Race, Color, Religion, Sex/Gender & Origin Employment Discrimination

Title VII of the Civil Rights Act of 1964 (Title VII), which covers employers with Fifteen (15) or more employees, protects workers from being discriminated against in the workplace on the basis of their race, color, religion, sex/gender, or national origin.

Under federal law, it is unlawful for an employer to discriminate against any job applicant or employee because of a protected characteristic in the process of hiring, job training, compensation, promotion, termination, or any other term, condition, or privilege of employment. Notably, federal law prohibits both intentional discrimination and neutral job policies that disproportionately exclude individuals on the basis of a protected characteristic that is not job related.

Many individual State laws, including the Florida Civil Rights Act (FCRA), as well as many City and County ordinances, also prohibit discrimination in the workplace on the basis of protected characteristics which sometimes are not only the same as those protected by federal law, but also other characteristics as well. For example, Florida State law prohibits discrimination because of an employee’s marital status. Similarly, in Florida, ordinances prohibiting discrimination based on an employee’s sexual orientation are in effect in Monroe, Miami-Dade, Broward, Palm Beach, Orange, and Leon Counties, as well as in the cities of Gulfport, Gainesville, Key West, Lake Worth, Miami Beach, Orlando, Sarasota, St. Petersburg, Tampa, and West Palm Beach.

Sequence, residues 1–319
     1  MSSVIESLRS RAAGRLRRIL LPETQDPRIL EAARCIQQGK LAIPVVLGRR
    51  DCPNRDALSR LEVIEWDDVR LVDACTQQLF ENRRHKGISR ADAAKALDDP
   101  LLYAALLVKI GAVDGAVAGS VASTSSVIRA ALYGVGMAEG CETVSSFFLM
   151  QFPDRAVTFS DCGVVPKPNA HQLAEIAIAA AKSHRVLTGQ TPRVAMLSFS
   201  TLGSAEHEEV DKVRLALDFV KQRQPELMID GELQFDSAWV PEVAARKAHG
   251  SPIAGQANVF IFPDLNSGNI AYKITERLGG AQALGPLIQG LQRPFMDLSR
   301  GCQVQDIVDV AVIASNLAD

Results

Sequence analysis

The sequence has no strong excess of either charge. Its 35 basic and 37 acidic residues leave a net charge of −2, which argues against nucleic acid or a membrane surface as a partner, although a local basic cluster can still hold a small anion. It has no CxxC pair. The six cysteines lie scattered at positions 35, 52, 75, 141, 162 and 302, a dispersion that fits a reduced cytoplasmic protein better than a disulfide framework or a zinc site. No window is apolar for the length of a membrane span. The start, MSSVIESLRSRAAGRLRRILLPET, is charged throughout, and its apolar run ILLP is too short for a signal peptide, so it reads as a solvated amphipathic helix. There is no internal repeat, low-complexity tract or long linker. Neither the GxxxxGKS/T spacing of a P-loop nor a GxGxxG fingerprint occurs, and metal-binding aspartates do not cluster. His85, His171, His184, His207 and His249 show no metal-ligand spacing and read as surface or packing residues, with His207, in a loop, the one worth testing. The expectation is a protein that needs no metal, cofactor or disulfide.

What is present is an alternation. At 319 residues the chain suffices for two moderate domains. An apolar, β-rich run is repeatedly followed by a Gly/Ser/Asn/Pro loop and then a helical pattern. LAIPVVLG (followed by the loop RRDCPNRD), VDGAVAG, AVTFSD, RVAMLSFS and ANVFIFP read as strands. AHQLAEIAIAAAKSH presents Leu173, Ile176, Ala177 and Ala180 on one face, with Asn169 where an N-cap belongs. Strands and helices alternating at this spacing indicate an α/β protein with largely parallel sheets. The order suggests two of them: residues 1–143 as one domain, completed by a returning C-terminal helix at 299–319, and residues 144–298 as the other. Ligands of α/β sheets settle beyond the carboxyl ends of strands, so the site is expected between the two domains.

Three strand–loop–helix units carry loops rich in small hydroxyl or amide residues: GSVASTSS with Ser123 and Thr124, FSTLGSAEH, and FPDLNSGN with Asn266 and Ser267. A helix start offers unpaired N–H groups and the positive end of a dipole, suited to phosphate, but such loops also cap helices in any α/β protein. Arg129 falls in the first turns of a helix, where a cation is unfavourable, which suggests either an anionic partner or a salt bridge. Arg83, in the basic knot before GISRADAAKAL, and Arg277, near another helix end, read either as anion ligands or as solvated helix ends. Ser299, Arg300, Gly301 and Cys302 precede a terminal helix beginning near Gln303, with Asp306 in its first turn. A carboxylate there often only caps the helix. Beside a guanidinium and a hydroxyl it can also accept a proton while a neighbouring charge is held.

Some examples of unlawful employment discrimination may include:

  • Your employer pays you less, or provides you with lesser benefits, than co-workers who are of a different race, color, religion, gender, or national origin, even though you perform similar job duties under similar working conditions;
  • An employee is terminated for allegedly violating a Company policy even though he/she has adequately performed their job duties, or had superior performance, than co-workers who are of a different race, color, religion, gender, or national origin, and engaged in similar conduct but were not disciplined in the same way;
  • A Company’s benefits program offers or provides benefits on different levels to employees who are perform the same job but who are of a different race, color, religion, gender, or national origin;
  • Employees of another race, color, religion, gender, or national origin receive promotions more frequently from a Company, or are given more opportunities to develop their careers, than you are despite you having similar experience and qualifications;
  • Your supervisor, or another management employee, instructs you that unless you provide him/her with sexual favors, your employment will be terminated – – and after you refuse, you are fired as a result of your rejection of such sexual advances; and
  • An employer with whom you have applied for a job expressly states, or acts based upon, a preference to hire members of one particular race, color, religion, gender, or national origin for a given job, even though an employee’s gender/sex is not a bona fide occupation qualification for that position.

The examples set forth above do not represent all forms of unlawful discrimination or harassment in the workplace. Our law firm has extensive experience in litigating the enforcement of employee’s rights, so if you have questions about your rights or think you may have been a victim of discrimination, contact us for a free consultation.